Dear Editor:

In response to Mr. B.S. Mahal’s article, “The Many Faces of Neo Sikhism”, I would like to offer a few of my own thoughts. Mr. Mahal has done a nice job of describing many types of Neo Sikhs as he calls them, but there is no great benefit of criticism without a constructive effort to give a constructive solution. He has also created some misunderstanding by many of his statements. He calls the Sikhs “their own worst enemy’. First, he creates an illusion that Palestinians have won a victory because of the press coverage of the West bank riots, and then he goes to explain that although we have suffered much more, we have not won the sympathy of the world. He attributes that to the “bluster and bluff” image of the Sikhs that has gained us a terrorist image.

The thing that has earned the Palestinians the sympathy of the world is the fact that there has been some free press coverage in Israel, whereas the Indian Government has never allowed that. I agree that Sikhs do not have the full support of the world. That may be in part due to apathy of many Sikhs, but mostly it is due to the huge propaganda machine of the Indian government.

Mr. Mahal says, “Most of the appeals to the Sikhs are of a common nature and are almost always deeply rooted in religious fervor. Such a mixing of religion and politics has had unhappy consequences”. Now examine what Mr. Mahal is saying here. He also claims that the Anandpur Resolutions were “mastermind by a highly politicised clergy”. This leads me to wonder if Mr. Mahal is in knowledge of the circumstances attending the adoption of the Resolution as well as the basics of Sikhcal, and religious force. I learned that Guru Nanak Dey Ji’s teachings immediately brought about not only a religious revival, but a social reformation. Throughout the history of Sikhism, we find that religion was necessarily involved in politics. It is the force of religion only that can shape politics and uphold moral standards. Guru Gobind Singh Ji’s formation of the Kahlsa was a social and political move, as well as religious. In fact, it cemented the philosophy in such a way that in order to be baptised into the religion, one had to take up arms. So unless I am very wrong, religion for the Sikhs is a very important consideration even in the political sphere. The Gurus never advised us to go to the hills of the Himalayas to meditate and be religious. Sikhism is a vibrant way of life, and it is also a religion, not a culture per se.

Mr. Mahal’s criticism of the “zealots”, “who have gone back to the straitface puritanism of bygone times”, is an apparent show of ignorance of the philosophy of Sikhism. I personally do not feel like a zealot because I wear a Kirpan. The 5 Ks was given to us by the Guru so that we could forever respect and cherish his lofty ideals. They are not a relic of the past, but a uniform that was ingeniously conceived by the Guru. With such commitment as the Sikh faith demands, these symbols give us strength, and they have practical functions at the same time.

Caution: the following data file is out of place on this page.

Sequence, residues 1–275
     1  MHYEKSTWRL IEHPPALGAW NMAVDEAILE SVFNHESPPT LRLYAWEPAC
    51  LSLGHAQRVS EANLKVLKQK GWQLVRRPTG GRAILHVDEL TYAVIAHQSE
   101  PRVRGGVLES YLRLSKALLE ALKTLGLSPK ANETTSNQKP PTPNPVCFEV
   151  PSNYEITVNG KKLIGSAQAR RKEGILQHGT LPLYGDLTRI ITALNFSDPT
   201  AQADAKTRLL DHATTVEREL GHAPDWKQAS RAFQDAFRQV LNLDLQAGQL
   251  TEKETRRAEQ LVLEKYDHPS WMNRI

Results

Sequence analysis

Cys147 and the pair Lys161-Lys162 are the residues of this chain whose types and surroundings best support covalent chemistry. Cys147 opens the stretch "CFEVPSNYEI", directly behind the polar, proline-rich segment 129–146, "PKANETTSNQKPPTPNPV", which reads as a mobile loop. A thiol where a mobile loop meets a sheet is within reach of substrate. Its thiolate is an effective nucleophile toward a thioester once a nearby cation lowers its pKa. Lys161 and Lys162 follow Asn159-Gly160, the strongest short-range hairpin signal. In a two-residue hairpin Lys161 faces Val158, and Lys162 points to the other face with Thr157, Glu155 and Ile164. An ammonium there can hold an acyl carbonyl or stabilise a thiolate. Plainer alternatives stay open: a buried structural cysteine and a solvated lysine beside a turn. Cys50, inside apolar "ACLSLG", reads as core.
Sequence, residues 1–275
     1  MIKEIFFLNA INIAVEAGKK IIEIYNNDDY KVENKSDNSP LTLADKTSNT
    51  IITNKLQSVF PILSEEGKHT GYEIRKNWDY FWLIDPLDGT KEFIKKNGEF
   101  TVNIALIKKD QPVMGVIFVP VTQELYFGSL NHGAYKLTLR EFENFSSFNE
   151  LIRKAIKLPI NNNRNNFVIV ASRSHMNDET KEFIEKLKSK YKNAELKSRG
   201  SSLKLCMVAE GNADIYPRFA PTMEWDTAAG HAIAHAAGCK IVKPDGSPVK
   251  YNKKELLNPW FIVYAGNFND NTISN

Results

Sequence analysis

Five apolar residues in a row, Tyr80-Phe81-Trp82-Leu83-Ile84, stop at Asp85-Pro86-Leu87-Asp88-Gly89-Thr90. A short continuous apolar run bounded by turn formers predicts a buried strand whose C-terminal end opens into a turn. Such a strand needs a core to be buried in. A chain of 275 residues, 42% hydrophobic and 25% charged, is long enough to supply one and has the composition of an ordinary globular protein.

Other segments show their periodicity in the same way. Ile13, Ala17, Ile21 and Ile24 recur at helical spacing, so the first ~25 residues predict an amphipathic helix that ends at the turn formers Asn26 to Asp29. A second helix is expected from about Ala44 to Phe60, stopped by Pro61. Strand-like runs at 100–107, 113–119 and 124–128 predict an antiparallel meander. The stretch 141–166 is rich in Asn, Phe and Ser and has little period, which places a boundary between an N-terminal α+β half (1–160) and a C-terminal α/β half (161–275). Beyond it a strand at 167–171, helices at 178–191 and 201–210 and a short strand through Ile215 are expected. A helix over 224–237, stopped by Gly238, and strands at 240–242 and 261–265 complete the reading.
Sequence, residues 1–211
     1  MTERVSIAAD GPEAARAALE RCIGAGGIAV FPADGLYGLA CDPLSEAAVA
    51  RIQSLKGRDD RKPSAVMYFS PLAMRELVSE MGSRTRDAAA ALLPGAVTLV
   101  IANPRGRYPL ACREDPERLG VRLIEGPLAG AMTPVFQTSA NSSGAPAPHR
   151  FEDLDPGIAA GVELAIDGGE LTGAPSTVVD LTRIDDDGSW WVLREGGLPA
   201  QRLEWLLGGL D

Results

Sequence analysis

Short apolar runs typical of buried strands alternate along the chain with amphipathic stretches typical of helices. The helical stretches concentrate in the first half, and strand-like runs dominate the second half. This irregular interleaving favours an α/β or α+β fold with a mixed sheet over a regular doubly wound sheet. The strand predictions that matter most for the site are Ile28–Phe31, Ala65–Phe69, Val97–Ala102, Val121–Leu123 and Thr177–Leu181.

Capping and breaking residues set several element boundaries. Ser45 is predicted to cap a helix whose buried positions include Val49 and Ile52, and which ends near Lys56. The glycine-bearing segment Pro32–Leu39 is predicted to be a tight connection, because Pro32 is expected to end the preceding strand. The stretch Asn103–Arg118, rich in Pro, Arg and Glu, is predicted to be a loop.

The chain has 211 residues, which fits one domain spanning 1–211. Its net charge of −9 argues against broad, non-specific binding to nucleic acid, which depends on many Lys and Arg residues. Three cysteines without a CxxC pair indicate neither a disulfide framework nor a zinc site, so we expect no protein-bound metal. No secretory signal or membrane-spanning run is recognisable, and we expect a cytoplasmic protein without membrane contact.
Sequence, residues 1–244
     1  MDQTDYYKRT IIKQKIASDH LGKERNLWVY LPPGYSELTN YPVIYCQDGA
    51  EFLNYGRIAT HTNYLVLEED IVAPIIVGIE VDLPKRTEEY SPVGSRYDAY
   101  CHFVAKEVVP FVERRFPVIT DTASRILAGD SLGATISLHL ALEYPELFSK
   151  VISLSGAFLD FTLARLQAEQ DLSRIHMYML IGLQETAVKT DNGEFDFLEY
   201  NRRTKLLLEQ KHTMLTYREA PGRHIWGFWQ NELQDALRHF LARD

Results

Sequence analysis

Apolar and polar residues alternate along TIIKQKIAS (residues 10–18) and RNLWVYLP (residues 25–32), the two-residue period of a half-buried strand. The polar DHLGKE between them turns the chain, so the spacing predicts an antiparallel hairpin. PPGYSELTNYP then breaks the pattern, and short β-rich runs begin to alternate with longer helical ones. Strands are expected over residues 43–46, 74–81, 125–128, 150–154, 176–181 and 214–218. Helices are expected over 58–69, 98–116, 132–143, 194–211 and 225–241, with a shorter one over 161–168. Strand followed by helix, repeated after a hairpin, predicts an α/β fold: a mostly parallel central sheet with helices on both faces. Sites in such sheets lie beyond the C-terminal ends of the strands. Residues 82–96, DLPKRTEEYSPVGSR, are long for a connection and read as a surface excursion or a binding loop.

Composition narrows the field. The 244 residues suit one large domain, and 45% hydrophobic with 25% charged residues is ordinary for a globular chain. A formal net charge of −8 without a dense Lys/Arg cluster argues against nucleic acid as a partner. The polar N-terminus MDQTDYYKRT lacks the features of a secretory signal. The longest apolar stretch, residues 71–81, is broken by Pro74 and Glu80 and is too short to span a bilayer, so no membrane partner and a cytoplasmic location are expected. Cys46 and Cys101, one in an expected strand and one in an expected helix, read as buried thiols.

Perhaps Mr. Mahal is confused. A person may be a fundamentalist without being a fanatic. If someone adheres to the real teachings of the religion then that person may be said to be a fundamentalist. There is nothing wrong in that. However, a zealot, or a fanatic has no true knowledge, but bases actions on an irrational belief.

So Mr. Mahal scoffs at people who wear kirpan and eat langar squatting on the floor on Sundays. Langar at the Gurdwara is a religious and social function which has as its underlying reason to eliminate inequality. When we gather for Langar, it should be done in this traditional manner, because it has great meaning. However, does that mean we are hypocrites if we go home and eat dinner at a conventional table? This appears to be an absurd notion,

As far as orthodox dress code is concerned, the only dress code of a Sikh is the 5 Ks. If you see me at the Gurdwara with 5 Ks, you will also see me at home, or work with the same. The clothing style may be different, but the Guru did not prescribe a clothing style. So then, should we consider every Sikh wearing a Kirpan to be a zealot or a hypocrite? 1 his continual criticism will not bring about a constructive change, unless it is in fact, well thought out and has as its ultimate end to better the condition of the Sikh nation.

 Satnam Kaur Khalsa

Mount Horeb, Wi.

Article extracted from this publication >> April 22, 1988